Does anyone know how to make a table leg in Sketchup Pro that is circular and tapers at both ends? I want it to try something like this.
Probably the easiest way is to draw the profile centered on a circle and then use Follow Me.
Thanks that is one option I have written down from going through some woodworking forums. I am wondering if there are other methods.
Well, you could monkey around with scaling the end circle but in order to get the rounded profile where the leg transitions from straight to tapered would require numerous steps. You could use Move with Cardinal points and Push/Pull but again, numerous steps. None as efficient as a profile and Follow Me. And when you have multiple parts in addition to the legs to do, you can spend more time modeling them than you would making them in the shop.
Using one of the other options and not using follow me would be like using a spoke shave when you have a lathe available.
The leg in point seems to have flat sides. So it’s not likely to be made using follow me.
Or do my eyes deceive me?
I don’t know what you’re seeing but Follow Me seems to work for me.
Easy enough to add flats if there are any. I can’t see them on the dark photo.
Or intersect after follow me with a square rod to get this. Still like using a lathe, knocking the corners off the square if necessary.
Here’s a version where you make the cutter to emulate what you would do with a lathe and use solid tools to remove it from your square stock.
It can be a useful method as you use follow me to create the cutter as complex as you want, then cut it from the square. I have done it here but you could leave part of it sharp cornered (untouched by the lathe) as well.
Its actually rounded not flat.
I have two examples, one with Curviloft plugin and other is Fredo Corner plugin.
See if that helps.
Dave - Well I made it work once after like 400 tries but now I am trying to change one end to just be circular vs tapered slightly and I can’t get it to work. It feels like I am doing everything right, but I keep on getting the message “the path you have chosen does not end or begin on the extrusion section.” Any advice?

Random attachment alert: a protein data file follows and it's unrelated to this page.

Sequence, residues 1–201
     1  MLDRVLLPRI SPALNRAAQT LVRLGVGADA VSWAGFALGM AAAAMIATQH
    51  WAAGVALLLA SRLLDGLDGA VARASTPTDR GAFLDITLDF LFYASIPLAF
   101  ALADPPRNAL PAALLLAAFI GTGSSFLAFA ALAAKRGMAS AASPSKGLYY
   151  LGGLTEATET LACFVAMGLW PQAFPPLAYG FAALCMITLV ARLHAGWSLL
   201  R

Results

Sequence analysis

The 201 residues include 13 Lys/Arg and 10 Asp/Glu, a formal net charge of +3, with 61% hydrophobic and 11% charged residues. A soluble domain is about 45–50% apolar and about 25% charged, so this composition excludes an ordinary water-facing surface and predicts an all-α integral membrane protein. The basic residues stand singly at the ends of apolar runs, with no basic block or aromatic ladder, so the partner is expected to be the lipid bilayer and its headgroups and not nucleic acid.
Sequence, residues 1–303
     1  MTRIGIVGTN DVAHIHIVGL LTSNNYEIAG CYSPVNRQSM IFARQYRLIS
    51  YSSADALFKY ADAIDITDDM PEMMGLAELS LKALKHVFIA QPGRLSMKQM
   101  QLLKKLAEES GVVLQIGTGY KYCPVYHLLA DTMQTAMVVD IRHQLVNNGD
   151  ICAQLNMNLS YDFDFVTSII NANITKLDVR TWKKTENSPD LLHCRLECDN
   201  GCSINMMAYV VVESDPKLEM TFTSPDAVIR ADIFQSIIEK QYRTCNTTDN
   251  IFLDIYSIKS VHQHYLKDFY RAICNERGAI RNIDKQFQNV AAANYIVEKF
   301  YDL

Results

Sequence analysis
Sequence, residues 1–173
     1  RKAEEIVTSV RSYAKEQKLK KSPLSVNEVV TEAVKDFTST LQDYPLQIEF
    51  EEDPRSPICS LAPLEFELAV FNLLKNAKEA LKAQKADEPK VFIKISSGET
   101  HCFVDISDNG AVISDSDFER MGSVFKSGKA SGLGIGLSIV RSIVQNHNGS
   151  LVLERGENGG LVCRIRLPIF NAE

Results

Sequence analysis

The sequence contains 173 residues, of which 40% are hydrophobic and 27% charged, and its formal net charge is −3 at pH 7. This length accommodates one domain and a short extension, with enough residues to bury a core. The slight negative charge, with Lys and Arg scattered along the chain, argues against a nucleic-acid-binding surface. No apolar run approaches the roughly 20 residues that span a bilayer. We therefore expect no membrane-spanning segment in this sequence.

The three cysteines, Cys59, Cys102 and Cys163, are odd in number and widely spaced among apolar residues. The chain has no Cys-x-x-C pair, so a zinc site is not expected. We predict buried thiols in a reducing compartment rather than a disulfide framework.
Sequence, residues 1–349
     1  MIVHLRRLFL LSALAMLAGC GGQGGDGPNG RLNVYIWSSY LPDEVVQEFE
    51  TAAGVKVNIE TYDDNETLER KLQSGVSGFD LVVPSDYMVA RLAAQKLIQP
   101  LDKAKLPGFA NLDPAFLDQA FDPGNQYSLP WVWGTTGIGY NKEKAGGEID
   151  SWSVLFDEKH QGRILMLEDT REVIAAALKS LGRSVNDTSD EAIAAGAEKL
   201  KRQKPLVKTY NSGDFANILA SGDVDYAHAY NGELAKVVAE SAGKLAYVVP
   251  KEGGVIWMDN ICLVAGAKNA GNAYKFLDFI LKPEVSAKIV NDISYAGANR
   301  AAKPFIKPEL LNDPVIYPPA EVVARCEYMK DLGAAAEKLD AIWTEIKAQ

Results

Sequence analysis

Is the circle edge still welded so you are selecting it all? Go ahead and run Follow Me and see what happens. It’ll probably be fine. If not, send me your SketchUp file and I’ll take a look when I get home.
It worked! thx
That warning can often be ignore as we often choose a path that it thinks may be wrong. But on some occasions it’s giving you a heads up to what may be a potential error that could throw your model out without you noticing.
Here’s a quick example, I have moved one circle so its center isn’t aligned perfectly with the profile, the follow me appears to work but the result is slightly displaced and isn’t a true circle. So be aware of the warnings, sometimes they can be ignored other times they are showing errors.
I have a problem now where my legs won’t turn at an angle. The front leg won’t line up with the back leg. Could this extrusion message warning message be the reason why? The pieces are grouped but won’t line up in a straight line when I rotate them 90 degrees or 10 degrees.
Strangely when I placed a thin rectangle in front of the piece and made it the same size and turned them together it lined up straight! Is this because the cone shape has too many faces and the rotate tool doesn’t know what to grab?
In general all you need for rotation is the plane of rotation and the angle. However if you are maintaining a certain pivot point for the leg (not having to move it again after rotation) you may need a guide to start and stop the rotation so the straight board is probably serving that purpose.
Other possible guides are the axes alignments or guidelines, guidepoints etc. that you can snap too. It’s helpful to snap to endpoints, guide points, or intersections when doing rotate and other operations, so sometimes you need to setup a “jig” to get starting and ending points you want.
The tool could have been snapping to something on the leg that was unintended.
Sounds like you need to understand how the Rotate (and many other tools) work.
They either follow the camera orientation or the geometry on which they are placed.
The arrow keys and click drag will change that but It is important to understand the basics first.